Posted on April 10, 2024

EU Passes Asylum and Migration Pact After Eight Years of Deadlock

Lisa O'Carroll, The Guardian, April 10, 2024

Sweeping changes to the EU’s migration laws have been passed in a knife-edge series of votes in the European parliament, with supporters of the new laws calling the move historic but NGOs saying they are a step back for human rights.

The vote on Wednesday, which is now expected to be rubber-stamped by the member states, ends eight years of deadlock over repeated efforts to tighten up border management and asylum processes in the 27-member bloc.

Champions of the laws, who had been campaigning to get the legislation passed in the face of a rise in popularity of the far right before the European parliament elections in June, seized on the move as a great victory.

They said it would fast-track asylum procedures at the EU’s border, impose tough new screening systems and return people who do not qualify for international protection to their countries.

Roberta Metsola, the European parliament president, wrote on X: “History made. We have delivered a robust legislative framework on how to deal with migration and asylum in the EU. It has been more than 10 years in the making. But we kept our word. A balance between solidarity and responsibility. This is the European way.”

However, tensions in the huge auditorium as the voting started betrayed the deeply divisive nature of the laws. Proceedings were interrupted by protesters dressed in white T-shirts in the public gallery, who shouted at MEPs: “This pact kills! Vote ‘no’!” while throwing paper planes carrying the coordinates of shipwrecks and refugees who have died at EU external borders.

The home affairs commissioner, Ylva Johansson, who shepherded the legislation through, was defiant. “I feel proud … considering when I took office four and a half years ago, few thought we would make it,” she said.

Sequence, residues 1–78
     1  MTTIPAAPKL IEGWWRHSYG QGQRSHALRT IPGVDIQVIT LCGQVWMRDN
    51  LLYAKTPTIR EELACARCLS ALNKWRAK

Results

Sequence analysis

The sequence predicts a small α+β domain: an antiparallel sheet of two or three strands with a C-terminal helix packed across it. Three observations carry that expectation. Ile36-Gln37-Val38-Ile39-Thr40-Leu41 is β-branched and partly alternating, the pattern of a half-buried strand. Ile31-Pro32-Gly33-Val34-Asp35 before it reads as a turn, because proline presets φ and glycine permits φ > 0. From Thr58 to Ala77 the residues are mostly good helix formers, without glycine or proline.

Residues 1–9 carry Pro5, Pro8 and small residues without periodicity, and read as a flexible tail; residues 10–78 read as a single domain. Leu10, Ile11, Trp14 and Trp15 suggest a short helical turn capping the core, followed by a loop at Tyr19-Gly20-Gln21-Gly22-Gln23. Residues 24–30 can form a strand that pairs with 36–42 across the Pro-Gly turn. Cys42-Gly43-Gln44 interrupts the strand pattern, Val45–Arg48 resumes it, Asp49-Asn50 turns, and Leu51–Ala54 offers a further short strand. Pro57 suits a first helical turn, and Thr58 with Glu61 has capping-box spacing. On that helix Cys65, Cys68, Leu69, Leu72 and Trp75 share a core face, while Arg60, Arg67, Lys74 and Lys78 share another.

Civil society groups, however, hit out at what Eve Geddie, Amnesty International’s head of the European institutions office and director of advocacy, called a “failure to show global leadership”.

“After years of negotiations, EU institutions are now shamefully co-signing an agreement that they know will lead to greater human suffering,” she said.

“For people escaping conflict, persecution or economic insecurity these reforms will mean less protection and a greater risk of facing human rights violations across Europe – including illegal and violent pushbacks, arbitrary detention and discriminatory policing.

Oxfam had earlier denounced the pact as a recipe for “deterrents, detention and deportation” rather than protection of human rights.

MEPs on the left and the Greens, who voted against eight of the 10 pieces of proposed legislation on the table, also criticised the bill for failing to prioritise guarantees for human rights.

Rightwing politicians had their own reasons for opposing the reforms, arguing that the new laws did not go far enough and would cause a spike in migration.

Among those that voted against parts of the asylum and migration pact were the French and Spanish far-right parties Rassemblement National and Vox, as well as the Polish nationalist populists Law & Justice, and Viktor Orbán’s Fidesz.

They had earlier denounced the 10-part pact as a licence for people-smugglers and a blow to member states’ sovereignty.

The Belgian prime minister, Alexander De Croo, said parties who had tried to block the pact were voting for the status quo and leaving countries such as Italy, which has various far-right parties, to deal with the people smuggling crisis on its shores alone.

The new laws must now be approved by European leaders, with opposition guaranteed from Poland’s new prime minister, Donald Tusk, who has said he will not agree to new rules allowing for relocation of migrants from countries under pressure.

“We will find ways so that even if the migration pact comes into force in roughly unchanged form, we will protect Poland against the relocation mechanism,” he said, underlining his country’s argument that is already accommodating around 1m Ukrainian refugees.

Sources who worked on the legislation said every member state could opt out of the relocation of migrants with measures allowing them instead to contribute “in kind with equipment or experts such as lawyers”.

In one of the most controversial measures they will also be allowed to pay €20,000 (£17,000) a head into a fund for those people they do not accept under the solidarity measure.